One of the interviewees points out to the biographer that “we are all fictioneers … we all continually make up the stories of our lives.” Another challenges him where he embellishes her comments as he writes them up. A third berates him for trying to recast her story into John Coetzee’s story.

You commit a grave error if you think to yourself that the difference between the two stories, the story you want to hear and the story you are getting, will be nothing more than a matter of perspective – that while from my point of view the story of John may have been just one episode among many in the long narrative of my marriage, nevertheless, by dint of a quick flip, a quick manipulation of perspective, followed by some clever editing, you can transform it into a story about John and one of the women who passed through his life. Not so. Not so. I warn you most earnestly: if you go away from here and start fiddling with the text, the whole thing will turn to ash in your hands. I really was the main character. John really was a minor character.

The work evades, eludes, gets away from the facts and finds it own form. The version we see is not the finished biography, but it is the finished novel. It is not life, but art. Which is what the late John Coetzee surely would have wanted.

J.M. Coetzee: Diary of a Bad Year

When in the space of four years, you’ve become the first writer to win the Booker Prize twice (1999) and won the Nobel Prize for Literature (2003), where do you go from there? Judging by J.M. Coetzee’s example – and I imagine we’ll wait some time for another one – you quietly give up on fiction without telling anyone. After all, in the words of Bobby Charlton in 1966, what is there to win now?

His first novel since the Booker-winning Disgrace contained essays in a fictional surround: Elizabeth Costello even used some ‘lectures’ Coetzee had previously published. Now he goes further with Diary of a Bad Year, where the vast majority of the text is in the form of essays written by a South African novelist with the initials JC…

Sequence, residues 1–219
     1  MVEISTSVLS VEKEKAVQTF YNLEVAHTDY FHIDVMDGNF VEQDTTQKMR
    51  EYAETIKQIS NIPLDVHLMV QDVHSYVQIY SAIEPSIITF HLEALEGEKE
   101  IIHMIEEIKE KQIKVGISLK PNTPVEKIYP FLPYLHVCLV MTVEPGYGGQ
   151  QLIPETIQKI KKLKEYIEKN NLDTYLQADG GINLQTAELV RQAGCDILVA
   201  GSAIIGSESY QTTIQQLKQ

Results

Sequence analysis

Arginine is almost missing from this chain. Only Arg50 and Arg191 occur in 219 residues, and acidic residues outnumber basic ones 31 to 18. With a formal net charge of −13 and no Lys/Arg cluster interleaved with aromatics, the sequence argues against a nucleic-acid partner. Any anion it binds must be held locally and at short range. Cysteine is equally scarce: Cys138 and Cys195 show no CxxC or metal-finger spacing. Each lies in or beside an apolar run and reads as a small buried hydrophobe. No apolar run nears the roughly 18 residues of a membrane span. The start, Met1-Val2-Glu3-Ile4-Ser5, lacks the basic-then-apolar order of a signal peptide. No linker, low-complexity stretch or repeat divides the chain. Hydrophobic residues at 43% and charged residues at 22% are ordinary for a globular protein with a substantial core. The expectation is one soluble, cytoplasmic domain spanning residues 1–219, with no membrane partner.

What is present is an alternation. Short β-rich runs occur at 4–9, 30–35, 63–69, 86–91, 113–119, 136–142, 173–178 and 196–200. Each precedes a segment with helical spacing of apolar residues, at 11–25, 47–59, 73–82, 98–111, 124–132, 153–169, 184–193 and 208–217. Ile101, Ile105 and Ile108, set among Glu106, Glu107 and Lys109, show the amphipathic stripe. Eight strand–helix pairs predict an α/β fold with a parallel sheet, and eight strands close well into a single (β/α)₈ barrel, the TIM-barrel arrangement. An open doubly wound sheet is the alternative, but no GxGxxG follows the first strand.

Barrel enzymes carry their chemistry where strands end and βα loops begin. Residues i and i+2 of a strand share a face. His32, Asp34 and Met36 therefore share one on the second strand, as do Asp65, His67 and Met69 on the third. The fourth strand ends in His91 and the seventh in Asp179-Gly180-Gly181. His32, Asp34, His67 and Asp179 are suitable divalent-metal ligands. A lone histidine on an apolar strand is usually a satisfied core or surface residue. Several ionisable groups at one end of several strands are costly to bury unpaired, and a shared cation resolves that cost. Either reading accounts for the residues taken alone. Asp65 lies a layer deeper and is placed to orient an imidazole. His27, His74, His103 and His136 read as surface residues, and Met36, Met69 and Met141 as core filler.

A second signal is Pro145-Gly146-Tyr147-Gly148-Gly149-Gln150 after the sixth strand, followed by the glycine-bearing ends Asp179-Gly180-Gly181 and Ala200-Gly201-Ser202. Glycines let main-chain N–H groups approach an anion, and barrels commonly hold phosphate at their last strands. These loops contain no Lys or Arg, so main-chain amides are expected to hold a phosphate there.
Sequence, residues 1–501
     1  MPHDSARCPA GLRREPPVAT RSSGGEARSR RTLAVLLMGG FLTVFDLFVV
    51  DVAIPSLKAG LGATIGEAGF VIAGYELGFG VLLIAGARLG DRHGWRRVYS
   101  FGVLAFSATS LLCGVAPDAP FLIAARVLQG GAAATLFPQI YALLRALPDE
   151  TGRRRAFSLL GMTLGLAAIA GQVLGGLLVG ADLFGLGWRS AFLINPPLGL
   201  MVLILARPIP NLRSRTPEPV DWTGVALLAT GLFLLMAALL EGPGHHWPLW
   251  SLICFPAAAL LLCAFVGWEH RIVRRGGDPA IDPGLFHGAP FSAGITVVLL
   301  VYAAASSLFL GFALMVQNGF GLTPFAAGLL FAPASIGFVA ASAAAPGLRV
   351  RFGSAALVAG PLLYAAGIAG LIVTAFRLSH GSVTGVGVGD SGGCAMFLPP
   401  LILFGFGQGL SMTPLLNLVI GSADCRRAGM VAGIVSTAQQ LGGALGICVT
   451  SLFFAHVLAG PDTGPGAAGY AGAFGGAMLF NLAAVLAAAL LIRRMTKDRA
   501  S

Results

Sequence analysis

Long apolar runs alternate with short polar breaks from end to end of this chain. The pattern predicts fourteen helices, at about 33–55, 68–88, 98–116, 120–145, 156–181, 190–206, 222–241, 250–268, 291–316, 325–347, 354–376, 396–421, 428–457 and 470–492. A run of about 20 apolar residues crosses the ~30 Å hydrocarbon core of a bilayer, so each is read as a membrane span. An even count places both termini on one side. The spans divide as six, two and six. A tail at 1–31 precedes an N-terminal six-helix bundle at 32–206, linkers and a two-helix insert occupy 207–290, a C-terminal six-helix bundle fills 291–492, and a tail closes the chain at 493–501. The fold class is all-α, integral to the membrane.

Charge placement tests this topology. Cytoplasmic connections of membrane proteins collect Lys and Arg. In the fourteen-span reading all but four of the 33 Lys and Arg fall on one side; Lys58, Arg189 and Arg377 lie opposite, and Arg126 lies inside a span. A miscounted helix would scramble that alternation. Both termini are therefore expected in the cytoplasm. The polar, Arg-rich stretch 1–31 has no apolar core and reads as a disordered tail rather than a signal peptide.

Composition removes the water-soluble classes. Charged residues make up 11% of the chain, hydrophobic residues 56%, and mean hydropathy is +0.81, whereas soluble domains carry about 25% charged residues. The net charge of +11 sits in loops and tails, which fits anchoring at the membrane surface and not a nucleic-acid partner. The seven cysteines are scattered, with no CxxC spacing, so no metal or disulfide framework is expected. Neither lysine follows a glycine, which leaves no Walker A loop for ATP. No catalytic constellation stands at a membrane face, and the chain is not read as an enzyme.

Many of the early essays, on subjects like the birth of the state, anarchy, and terrorism, are rigorous and interesting, but also lucid and accessible.

Every account of the origins of the state starts from the premise that “we” – not we the readers but some generic we so wide as to exclude no one – participate in its coming into being.  But the fact is that the only “we” we know – ourselves and the people close to us – are born into the state; and our forebears too were born into the state as far back as we can trace.  The state is always there before we are.

If the essays have an overall theme it is of power and powerlessness: citizens subject to politicians; animals subject to humans.  But Coetzee spreads his net wider as the book goes on and veers into topics such as music and narrative fiction; it’s when he goes further, into numbers and probability, that the strain begins to show, and some of the final pieces (“On ageing,” “On children”) hardly do their subjects justice at only a few lines long.

Meanwhile each page is divided in three.  The essay takes up the first part, then we have the narrative of the ‘author,’ JC, describing his growing infatuation with a beautiful young girl called Anya who lives in his block of flats.  He employs her as his secretary for the essays, to try to get closer to her.  His accounts are frank if not always edifying:

A week passed before I saw her again – in a well-designed apartment block like this, tracking one’s neighbours is not easy – and then only fleetingly as she passed through the front door in a pair of white slacks that showed off a derriere so near to perfect as to be angelic.  God, grant me one wish before I die, I whispered; but then was overtaken with shame at the specificity of the wish, and withdrew it.

The third section of each page describes Anya’s thoughts, and her conversations with her ruthless financier partner, Alan, who becomes suspicious of JC’s interest in Anya and plans a curious revenge.

The fictional narrative of JC and Anya takes up perhaps a quarter of the word-count of the book.  The story is well told but not enthralling, and when the character JC mentions at one point that at his age, “sketching stories seems to have become a substitute for writing them,” we know what he means.

And be warned if, like me, you still haven’t got around to watching that DVD of The Seven Samurai that you’ve had for years.  Coetzee gives away the entire plot on page 6.